Sunday, November 28, 2010

Light One Candle

One of the great tragedies of life is that it is so much easier to destroy than to create. Just consider the World Trade Center. It took many years for a gigantic team of architects, engineers, and construction workers to build the Twin Towers—and just one horrific fall morning for a handful of terrorists to obliterate them. Relationships—whether between individuals or nations—work much the same way: years of slowly accrued trust can be brought to naught with a single act of betrayal. Entropy prevails; as the novelist Chinua Achebe notes, “Things fall apart.”

And yet. . . people still overwhelmingly choose life over death and good over evil, and things come together at least as much as they fall apart. Why is this? I believe the moral at the heart of human life is not the sad ease of destruction but the miraculous ability of a little light to dispel deep darkness. One small candle can illuminate an entire room. Every day, legions of ordinary men and women perform countless unnoticed acts of valor.

This miracle is at the center of the festival of Chanukah, which begins on Wednesday night. As the story goes, a single cruse of oil burned for eight nights, illuminating the re-dedicated Temple with its flame. Therefore, at the darkest time of the year—the new moon closest to the winter solstice—we re-commit ourselves to our Jewish calling to bring light to a darkening world.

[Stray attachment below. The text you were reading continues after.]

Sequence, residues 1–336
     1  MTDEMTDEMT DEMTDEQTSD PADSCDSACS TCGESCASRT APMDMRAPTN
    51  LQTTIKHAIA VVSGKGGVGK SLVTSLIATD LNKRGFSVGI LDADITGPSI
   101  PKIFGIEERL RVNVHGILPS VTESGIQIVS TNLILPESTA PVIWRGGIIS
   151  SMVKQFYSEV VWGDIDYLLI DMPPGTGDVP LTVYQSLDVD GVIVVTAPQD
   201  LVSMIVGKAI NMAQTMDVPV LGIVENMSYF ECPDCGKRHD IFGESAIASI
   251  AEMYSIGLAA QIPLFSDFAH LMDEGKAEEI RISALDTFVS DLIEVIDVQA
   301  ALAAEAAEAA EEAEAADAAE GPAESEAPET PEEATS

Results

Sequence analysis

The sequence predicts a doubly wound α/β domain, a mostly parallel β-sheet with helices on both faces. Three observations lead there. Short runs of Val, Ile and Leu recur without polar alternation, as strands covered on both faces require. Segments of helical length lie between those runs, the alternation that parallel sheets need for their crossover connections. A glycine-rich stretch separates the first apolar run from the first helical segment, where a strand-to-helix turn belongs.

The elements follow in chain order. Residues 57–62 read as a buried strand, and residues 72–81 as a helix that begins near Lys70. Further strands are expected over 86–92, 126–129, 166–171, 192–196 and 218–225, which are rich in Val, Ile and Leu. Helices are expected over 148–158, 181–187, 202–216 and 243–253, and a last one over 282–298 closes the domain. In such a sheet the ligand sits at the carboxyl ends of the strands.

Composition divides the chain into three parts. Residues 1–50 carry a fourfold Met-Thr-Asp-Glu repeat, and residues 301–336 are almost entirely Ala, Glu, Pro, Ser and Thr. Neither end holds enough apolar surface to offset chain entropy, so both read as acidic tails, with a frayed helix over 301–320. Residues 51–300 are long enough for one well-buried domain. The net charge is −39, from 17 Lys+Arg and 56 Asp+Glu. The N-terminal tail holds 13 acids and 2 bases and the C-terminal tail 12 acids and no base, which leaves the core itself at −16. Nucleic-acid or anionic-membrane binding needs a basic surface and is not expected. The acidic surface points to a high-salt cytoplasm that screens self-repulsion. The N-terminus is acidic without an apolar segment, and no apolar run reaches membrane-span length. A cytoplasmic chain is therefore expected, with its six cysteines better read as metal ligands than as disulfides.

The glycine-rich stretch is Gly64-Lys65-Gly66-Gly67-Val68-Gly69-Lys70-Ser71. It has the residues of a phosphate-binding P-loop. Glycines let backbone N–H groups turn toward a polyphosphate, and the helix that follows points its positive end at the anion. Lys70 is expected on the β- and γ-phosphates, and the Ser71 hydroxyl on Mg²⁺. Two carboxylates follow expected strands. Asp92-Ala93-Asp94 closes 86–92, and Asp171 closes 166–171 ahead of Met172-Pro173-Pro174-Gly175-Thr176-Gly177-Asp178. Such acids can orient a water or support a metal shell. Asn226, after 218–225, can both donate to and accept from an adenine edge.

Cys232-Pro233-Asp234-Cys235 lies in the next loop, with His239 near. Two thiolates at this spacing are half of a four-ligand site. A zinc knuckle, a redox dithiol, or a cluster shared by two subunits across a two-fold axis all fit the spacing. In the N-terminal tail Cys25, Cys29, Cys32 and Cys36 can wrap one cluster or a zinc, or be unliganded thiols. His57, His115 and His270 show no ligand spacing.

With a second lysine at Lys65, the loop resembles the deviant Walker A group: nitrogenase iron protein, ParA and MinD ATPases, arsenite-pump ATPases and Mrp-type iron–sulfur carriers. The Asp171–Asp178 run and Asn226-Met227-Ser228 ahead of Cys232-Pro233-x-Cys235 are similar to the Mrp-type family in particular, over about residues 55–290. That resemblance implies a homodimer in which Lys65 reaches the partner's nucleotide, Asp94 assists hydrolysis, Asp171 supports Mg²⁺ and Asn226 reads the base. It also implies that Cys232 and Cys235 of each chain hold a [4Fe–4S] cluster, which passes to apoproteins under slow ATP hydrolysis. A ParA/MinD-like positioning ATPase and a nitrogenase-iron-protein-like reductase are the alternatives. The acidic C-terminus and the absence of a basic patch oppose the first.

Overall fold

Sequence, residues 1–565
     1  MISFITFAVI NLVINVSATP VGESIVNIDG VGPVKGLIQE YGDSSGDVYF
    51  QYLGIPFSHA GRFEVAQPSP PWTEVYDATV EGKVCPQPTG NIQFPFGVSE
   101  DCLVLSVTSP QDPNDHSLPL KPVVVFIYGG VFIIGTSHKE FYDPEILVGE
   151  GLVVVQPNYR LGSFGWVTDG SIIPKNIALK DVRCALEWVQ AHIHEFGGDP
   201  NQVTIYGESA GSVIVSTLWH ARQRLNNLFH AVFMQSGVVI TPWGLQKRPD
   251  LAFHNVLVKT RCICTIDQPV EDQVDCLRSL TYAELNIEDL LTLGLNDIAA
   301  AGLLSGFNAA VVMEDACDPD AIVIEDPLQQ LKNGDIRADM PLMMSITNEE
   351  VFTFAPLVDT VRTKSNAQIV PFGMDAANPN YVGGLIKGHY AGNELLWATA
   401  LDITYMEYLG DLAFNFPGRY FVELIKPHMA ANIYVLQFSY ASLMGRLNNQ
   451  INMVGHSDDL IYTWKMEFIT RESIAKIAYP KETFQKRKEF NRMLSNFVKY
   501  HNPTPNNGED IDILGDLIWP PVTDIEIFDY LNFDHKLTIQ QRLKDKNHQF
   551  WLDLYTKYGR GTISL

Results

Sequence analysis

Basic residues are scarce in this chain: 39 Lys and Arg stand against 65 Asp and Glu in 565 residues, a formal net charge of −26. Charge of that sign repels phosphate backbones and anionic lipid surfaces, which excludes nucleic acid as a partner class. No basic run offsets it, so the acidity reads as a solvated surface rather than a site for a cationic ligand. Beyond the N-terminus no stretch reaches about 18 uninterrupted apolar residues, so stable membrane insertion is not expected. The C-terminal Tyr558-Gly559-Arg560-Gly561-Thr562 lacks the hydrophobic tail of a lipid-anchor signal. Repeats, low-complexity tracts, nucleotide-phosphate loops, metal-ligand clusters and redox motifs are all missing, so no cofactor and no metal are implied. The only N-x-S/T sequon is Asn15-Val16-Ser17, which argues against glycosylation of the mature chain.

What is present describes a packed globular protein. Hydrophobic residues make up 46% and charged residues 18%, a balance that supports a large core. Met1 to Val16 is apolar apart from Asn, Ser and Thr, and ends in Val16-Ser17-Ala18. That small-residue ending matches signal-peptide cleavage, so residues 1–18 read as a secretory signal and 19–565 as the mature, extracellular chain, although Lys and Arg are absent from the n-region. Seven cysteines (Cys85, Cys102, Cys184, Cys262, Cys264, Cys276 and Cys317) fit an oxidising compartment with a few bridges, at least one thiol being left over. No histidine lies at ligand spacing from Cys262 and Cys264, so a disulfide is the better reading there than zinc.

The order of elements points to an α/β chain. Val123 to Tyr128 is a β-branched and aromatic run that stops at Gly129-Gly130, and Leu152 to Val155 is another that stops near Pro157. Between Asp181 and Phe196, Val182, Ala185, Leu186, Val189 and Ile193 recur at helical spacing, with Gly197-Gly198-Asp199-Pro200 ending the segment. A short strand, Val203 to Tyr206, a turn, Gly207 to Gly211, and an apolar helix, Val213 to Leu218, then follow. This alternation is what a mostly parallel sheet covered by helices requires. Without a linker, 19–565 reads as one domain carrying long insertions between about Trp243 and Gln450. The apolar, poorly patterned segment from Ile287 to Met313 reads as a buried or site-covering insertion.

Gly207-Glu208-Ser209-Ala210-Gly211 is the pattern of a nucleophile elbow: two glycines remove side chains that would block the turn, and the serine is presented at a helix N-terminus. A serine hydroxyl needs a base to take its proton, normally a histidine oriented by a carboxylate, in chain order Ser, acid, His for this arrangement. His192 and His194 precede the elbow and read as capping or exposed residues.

Over the festival’s eight nights, we burn thirty six Chanukah lights (1+2+3+4+5+6+7+8=36). Yes, I know those little blue boxes actually contain forty four candles, but eight of them serve as the nightly shamash, the candle used to kindle the others, which is really just a glorified match rather than a symbol of the holiday itself. Rabbi Nosson Slifkin, author of Seasons of Life, teaches that each Chanukah light represents one of the lamed-vovniks, the legendary thirty six hidden righteous ones of every generation who secretly sustain the world with their light. Again: light is found in unexpected places, and a little goes a very long way.

This week, as Chanukah approaches, try asking yourself: Where do I find light when my world feels dark? And what can I do to kindle light—and blessing and hope—for others?

Happy Chanukah,

Rabbi Dan

No comments: